When the “Girl Geek Week” channel was started in the Geeks Under Grace staff chat , I literally cringed. “Seriously?” I asked myself. “Why? Why do we have to make a big deal of girl geeks? Why is this even a thing? They exist, and they’re regular people. It’s really not that complicated. Do we have to make an entire week out of it?” My mind drifted immediately to the likes of Joss Whedon, who when asked why he writes such strong female leads replied with “Because you’re still asking me that question.” Another of my favorite sarcastic responses was given by George RR Martin when asked a similar question: “You know, I’ve always considered women to be people.” And then I started meditating on this topic more seriously.
Women make up approximately 49.6% of the total global population. And yet, there is a serious disconnect in the quantity and roles in which women are presented in media. This honestly puzzles me, which is why I didn’t understand the concept of “Girl Geek Week” at first. One of my past girlfriends used to beat me at arm wrestling without even trying. I took karate classes in high school and our sensei was a woman. I’ve had bosses that were women, I’ve seen women that can play circles around me on every instrument, and if you’re a woman reading this there’s a really good chance that you know more about cars than I do.
And yet, somehow, the entertainment industry has missed this memo. Somehow it seems like women are often secondary characters who exist only to fall in love with the hero and/or be rescued. They’re cast as either hopelessly romantic “manic pixie dream girls” or as heartless witches who really just want a man to break through the walls and love them. On the rare occasions that women are the main character, somehow developers in the video game industry and directors in Hollywood still seems to miss something critical. Either their sex appeal is exaggerated or they’re somehow broken. They always seem to need love–specifically eros with a man; agape, philia, and storge never apply–to fix them, and I don’t get it. Why can’t a single woman exist on her own terms without needing a guy? Why can’t she be attractive without being a sex object? Why she can’t be smart and quick on her feet for her own benefit?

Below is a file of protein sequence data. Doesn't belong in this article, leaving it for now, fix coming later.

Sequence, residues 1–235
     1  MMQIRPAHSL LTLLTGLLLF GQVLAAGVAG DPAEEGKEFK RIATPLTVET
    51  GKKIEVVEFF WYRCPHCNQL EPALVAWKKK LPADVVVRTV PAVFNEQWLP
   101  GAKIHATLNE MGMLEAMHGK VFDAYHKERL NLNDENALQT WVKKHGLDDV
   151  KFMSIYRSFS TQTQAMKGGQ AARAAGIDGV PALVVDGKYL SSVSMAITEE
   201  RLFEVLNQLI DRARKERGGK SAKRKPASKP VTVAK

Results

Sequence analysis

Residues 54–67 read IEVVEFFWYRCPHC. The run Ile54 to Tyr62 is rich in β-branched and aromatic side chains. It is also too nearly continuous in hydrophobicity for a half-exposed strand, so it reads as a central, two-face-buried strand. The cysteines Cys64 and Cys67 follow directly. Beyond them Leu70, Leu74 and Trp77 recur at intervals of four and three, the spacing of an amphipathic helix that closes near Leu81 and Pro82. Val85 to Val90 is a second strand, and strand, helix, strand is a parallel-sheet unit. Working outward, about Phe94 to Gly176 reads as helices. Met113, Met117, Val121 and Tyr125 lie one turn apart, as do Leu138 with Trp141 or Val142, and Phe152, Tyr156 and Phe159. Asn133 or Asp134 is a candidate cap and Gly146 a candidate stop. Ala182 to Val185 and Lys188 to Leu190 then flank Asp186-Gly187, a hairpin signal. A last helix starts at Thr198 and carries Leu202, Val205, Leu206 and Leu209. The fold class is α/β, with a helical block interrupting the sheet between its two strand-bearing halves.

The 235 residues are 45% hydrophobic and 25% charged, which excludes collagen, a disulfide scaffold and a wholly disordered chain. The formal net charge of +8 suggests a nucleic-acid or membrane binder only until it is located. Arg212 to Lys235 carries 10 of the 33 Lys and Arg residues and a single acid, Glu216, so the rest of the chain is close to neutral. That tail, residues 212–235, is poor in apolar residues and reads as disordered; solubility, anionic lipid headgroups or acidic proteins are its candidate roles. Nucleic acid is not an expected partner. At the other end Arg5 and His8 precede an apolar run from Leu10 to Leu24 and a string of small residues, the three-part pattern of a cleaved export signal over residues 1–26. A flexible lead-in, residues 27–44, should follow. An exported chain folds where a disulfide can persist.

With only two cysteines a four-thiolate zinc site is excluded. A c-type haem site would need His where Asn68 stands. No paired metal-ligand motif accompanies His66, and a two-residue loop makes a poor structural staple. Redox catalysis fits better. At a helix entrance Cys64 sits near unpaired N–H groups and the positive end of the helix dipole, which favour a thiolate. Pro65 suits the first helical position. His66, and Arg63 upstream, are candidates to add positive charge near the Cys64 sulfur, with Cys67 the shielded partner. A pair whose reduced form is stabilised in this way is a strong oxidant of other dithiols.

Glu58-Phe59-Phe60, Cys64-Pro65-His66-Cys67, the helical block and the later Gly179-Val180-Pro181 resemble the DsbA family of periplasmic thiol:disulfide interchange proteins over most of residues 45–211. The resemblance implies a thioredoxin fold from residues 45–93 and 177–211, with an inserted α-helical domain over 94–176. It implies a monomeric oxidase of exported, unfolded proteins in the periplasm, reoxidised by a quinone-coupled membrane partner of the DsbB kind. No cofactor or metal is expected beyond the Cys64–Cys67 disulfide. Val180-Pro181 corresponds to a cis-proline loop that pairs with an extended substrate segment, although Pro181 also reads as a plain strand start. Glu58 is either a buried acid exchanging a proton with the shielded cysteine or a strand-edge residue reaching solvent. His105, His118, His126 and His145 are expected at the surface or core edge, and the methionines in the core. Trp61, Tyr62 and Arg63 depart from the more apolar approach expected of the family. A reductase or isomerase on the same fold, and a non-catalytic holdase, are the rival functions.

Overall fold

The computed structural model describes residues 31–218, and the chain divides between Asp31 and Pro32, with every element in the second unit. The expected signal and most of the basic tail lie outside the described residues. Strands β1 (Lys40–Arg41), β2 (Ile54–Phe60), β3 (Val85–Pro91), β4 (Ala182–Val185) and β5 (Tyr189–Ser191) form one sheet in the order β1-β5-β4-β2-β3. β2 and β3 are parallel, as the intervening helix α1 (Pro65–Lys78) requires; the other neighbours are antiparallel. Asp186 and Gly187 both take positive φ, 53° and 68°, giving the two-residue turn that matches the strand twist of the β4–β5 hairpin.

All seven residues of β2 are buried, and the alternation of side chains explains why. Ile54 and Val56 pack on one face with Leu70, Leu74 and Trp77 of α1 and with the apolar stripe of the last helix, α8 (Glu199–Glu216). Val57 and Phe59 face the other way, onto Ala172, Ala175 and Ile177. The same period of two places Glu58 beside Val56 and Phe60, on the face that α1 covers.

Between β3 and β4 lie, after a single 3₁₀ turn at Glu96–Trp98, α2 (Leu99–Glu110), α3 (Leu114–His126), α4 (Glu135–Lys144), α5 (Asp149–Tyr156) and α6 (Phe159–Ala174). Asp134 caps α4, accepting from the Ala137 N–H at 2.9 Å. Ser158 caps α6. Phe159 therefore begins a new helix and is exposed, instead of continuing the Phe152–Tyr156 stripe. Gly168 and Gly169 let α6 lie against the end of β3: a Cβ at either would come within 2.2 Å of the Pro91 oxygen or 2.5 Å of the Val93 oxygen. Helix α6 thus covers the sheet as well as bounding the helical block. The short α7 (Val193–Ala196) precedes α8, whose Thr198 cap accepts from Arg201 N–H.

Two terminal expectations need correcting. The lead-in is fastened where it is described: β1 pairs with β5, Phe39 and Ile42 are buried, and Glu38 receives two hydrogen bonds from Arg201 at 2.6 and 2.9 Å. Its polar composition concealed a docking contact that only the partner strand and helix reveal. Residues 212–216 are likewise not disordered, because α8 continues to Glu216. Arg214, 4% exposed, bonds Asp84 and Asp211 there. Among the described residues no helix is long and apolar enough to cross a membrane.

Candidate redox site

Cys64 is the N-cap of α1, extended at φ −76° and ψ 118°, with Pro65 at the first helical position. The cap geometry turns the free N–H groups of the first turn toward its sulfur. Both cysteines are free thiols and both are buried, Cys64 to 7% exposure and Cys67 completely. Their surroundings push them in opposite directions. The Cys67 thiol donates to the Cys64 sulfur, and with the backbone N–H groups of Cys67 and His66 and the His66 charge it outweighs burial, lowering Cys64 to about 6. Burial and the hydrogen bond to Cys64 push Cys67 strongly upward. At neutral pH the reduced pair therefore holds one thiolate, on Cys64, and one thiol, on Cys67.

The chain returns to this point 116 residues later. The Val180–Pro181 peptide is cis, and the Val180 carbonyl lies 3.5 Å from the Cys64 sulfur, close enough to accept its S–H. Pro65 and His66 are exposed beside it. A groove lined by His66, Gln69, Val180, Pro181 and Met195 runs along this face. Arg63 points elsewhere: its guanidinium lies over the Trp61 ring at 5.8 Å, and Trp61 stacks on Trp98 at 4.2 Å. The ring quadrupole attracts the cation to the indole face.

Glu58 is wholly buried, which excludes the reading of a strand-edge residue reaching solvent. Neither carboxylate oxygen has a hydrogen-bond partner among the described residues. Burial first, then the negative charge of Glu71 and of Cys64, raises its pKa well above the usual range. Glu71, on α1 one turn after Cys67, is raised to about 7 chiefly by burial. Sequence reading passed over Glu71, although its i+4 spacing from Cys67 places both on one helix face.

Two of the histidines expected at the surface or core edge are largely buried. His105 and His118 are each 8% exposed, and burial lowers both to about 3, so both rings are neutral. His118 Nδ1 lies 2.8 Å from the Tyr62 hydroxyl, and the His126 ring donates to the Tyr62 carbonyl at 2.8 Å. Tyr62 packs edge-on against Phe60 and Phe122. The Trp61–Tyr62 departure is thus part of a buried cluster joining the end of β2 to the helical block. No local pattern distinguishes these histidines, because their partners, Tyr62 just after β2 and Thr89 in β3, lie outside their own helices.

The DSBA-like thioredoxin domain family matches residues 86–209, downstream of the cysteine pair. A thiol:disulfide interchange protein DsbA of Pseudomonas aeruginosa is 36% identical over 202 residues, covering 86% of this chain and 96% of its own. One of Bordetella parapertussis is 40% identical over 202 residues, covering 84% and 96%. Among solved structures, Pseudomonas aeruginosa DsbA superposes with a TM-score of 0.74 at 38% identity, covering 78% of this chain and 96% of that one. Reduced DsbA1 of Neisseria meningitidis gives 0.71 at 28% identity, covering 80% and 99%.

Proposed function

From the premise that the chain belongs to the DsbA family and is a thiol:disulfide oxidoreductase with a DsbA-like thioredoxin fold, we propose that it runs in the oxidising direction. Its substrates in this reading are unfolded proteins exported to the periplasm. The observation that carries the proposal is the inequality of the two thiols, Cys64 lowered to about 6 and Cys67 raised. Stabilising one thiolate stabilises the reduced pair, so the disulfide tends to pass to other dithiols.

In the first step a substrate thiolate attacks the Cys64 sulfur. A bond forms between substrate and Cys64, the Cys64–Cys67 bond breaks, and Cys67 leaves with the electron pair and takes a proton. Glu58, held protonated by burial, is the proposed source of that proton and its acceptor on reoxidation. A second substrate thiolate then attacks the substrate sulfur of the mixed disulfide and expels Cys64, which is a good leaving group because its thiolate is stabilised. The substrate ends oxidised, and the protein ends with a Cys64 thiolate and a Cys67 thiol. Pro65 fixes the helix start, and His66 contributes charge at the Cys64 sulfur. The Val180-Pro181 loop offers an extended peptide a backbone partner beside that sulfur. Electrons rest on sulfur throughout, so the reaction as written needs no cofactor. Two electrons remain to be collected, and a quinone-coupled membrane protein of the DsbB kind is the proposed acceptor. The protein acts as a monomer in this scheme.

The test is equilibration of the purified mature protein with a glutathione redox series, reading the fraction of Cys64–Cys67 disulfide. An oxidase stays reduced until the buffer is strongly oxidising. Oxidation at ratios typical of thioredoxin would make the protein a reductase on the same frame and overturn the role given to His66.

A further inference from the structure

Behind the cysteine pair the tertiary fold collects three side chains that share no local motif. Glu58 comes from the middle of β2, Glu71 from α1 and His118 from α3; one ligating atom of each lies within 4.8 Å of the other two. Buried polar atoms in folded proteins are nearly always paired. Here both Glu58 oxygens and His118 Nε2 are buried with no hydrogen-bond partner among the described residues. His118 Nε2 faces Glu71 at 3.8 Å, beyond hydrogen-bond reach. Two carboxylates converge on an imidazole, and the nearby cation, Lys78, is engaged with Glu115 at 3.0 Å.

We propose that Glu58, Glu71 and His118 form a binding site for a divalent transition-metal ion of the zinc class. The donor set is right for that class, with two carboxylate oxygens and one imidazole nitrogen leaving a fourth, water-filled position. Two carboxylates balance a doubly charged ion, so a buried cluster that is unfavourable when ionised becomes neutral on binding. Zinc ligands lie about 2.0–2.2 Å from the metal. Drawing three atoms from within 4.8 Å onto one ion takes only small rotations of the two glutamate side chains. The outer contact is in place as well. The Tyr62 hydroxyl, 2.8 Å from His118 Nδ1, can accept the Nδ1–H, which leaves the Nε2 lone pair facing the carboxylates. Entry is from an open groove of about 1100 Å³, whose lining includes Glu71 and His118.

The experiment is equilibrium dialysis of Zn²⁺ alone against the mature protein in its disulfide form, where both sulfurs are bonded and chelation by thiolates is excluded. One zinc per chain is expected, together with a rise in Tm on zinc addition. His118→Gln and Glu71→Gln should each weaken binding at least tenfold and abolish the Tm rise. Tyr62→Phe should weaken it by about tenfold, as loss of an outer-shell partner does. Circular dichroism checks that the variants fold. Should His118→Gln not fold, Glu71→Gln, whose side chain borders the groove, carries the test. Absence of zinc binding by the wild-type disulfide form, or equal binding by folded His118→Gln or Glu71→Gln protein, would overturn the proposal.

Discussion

When I first started watching Doctor Who, I saw an episode where the character Rose ends up by herself in a basement. Within seconds she realizes that she’s not where she meant to be and picks up a nearby weapon of opportunity—a large two by four. I literally cheered in my apartment. This was such a small detail, but too many writers don’t get it. Rather than be a ditzy blonde who’s too stupid to tell the difference between the basement and a regular floor, or too dumb to exercise caution and later needing rescue by the male hero, she immediately recognizes that something is up and takes reasonable precautions. Many of the Doctor’s companions, in fact, have been strong, independent, quick-witted, and not paraded around in half-torn shirts. That’s one of the contributing factors to its success. The women on the show are people.
Another stellar example of solid female writing is Leslie Knope from Parks And Recreation. She’s strong willed, smart, charismatic, and devoted. Eventually she does fall in love and gets married, but that marriage is a far cry from the stereotypical, “I need a man in my life to fix me.” Rather it was a much healthier, “I recognize and appreciate the way this person compliments and grows me and I want them in my life.” The entertainment industry is slowly starting to give us more Roses and Leslies, but we’re not quite there yet. Right now we’ve still got far too many Suicide Squad Harley Quinns–who seems to have been chosen purely on her character’s ability to wear shorts and tight shirts—or Elizabeths from Bioshock: Infinite, a classic damsel in distress.